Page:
Changing track conditions throughout the WD-40 Phillip Island SuperSprint played a key role in Mobil 1 Mega Racing’s up and down weekend, says co-team principal Mathew Nilsson.
Both Walkinshaw Andretti United Commodores showed top 10 pace at stages of the weekend; Scott Pye qualifying as the top Holden in eighth on Saturday and James Courtney ninth on Sunday.
By contrast, Pye qualified 15th Sunday and Courtney 18th Saturday as the team struggled to match the set-up to the conditions.
In the races, Pye recorded an eighth and a 15th, while Courtney had tyre failures in both, resulting in 22nd and 24th place finishes.
The failures are still being investigated by the team, with set-up, debris and Sunday’s right-front damage thanks to lap one contact with Todd Hazelwood all factors under analysis.
Tyres aside, Nilsson labelled the performance as “nowhere near the results you want”.
“Each driver had a time in the top 10 [in qualifying], but you clearly want both in the top 10,” he told Supercars.com.
“But there were glimpses through the weekend, up and down with pace, probably like a lot of people in the pitlane.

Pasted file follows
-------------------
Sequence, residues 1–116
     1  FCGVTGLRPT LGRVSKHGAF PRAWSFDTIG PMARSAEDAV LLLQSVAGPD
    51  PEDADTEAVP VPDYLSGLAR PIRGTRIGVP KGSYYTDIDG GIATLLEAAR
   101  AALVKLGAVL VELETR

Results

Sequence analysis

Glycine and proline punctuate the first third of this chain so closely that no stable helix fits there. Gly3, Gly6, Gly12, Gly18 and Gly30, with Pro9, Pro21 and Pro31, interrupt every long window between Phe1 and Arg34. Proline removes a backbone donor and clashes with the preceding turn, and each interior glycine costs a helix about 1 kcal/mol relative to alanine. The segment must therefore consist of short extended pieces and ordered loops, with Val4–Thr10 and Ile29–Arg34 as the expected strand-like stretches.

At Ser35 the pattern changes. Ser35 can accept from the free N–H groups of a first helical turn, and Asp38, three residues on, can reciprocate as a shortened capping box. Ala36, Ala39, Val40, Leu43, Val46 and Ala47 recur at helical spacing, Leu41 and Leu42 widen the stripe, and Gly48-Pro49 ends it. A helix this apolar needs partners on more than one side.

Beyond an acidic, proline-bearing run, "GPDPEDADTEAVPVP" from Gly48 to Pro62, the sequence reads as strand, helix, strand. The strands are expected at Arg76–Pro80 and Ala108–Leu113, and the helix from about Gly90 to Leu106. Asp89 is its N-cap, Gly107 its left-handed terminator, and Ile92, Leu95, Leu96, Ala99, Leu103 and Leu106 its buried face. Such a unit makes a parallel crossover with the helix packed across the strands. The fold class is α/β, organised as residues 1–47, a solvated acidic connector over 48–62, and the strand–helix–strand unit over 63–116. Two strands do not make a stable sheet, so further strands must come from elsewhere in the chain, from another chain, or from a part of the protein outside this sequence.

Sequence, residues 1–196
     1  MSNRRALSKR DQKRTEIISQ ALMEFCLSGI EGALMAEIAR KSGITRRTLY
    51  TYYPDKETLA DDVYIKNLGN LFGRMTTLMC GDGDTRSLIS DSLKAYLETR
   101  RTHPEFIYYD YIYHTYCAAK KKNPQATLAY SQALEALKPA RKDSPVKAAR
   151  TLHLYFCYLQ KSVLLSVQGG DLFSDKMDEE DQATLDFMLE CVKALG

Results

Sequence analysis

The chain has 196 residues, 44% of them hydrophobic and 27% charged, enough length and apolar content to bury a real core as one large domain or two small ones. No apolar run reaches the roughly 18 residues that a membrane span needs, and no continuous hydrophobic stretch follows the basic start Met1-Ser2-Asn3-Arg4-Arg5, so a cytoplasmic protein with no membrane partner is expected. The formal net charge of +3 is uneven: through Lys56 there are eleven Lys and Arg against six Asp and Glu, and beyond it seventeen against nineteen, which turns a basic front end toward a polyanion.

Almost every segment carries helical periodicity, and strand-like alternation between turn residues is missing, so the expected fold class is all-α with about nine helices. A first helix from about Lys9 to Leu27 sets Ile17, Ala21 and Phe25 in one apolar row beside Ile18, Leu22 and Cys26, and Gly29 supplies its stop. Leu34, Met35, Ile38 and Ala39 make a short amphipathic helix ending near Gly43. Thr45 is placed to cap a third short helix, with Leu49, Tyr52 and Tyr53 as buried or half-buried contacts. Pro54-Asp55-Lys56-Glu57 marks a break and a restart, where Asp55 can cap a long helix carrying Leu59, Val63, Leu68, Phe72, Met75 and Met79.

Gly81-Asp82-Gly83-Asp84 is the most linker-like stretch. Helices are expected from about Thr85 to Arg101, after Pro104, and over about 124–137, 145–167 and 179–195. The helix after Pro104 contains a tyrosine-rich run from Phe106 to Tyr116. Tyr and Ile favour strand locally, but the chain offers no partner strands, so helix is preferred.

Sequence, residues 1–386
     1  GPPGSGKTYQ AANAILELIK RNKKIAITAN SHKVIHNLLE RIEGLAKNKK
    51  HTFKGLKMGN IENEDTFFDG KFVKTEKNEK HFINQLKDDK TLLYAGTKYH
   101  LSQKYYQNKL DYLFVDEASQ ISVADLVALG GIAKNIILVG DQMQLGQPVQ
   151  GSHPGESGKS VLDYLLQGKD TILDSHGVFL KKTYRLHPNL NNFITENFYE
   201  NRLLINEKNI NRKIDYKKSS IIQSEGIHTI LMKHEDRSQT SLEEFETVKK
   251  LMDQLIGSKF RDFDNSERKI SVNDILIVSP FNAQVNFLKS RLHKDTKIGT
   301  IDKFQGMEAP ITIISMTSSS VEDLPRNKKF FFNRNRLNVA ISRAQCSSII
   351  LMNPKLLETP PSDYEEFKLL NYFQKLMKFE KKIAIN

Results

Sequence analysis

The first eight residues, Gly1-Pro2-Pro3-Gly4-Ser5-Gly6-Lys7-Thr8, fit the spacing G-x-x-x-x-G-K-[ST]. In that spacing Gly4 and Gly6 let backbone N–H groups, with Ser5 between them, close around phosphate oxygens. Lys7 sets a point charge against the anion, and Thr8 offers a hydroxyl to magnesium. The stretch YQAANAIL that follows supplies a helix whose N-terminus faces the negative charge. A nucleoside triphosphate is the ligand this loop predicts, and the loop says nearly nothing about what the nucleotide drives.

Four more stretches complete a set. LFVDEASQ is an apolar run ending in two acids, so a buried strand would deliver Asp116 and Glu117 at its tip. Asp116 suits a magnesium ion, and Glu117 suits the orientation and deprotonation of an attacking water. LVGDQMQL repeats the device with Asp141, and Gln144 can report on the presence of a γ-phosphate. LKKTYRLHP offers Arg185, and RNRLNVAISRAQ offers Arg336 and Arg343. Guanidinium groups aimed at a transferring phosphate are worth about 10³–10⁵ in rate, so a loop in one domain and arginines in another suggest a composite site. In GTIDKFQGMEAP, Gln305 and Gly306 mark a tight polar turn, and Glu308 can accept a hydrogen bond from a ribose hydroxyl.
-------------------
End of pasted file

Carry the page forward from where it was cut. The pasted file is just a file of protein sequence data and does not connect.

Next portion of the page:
“Whether it was wind or track condition, that really put the car, I wouldn’t say out of the window, but just more difficult to drive or not quite what the driver needed.
“Consistency for us, I think we found some car speed through the weekend, we were relatively competitive as a Holden.
“But we need more consistency on that and want both drivers in the 10 for every qualifying session.”
Courtney and Pye currently sit 13th and 16th in the drivers’ championship respectively, with Mobil 1 Mega Racing seventh in the teams’ points.
Saturday at Phillip Island marked Pye’s only top 10 qualifying result of the season to date, while he has three top 10 finishes, for a best of sixth.
Courtney has five top 10 starting slots and five top 10 finishes, with fifth on Saturday at Symmons Plains the team’s season-best.
With WAU’s form having fluctuated across each of the first four events, Nilsson says the weekend’s results were down to a combination of factors.
“I think Phillip Island is always a bit of an anomaly itself with wind conditions and track grip can change quite considerably through a weekend,” he said.
“It’s obviously still learning the package with a single spring and your normal development that goes on [as well].
“But Phillip Island can always throw a bit of a mix as well, particularly with the weather and track grip probably being down over previous years in some respects.”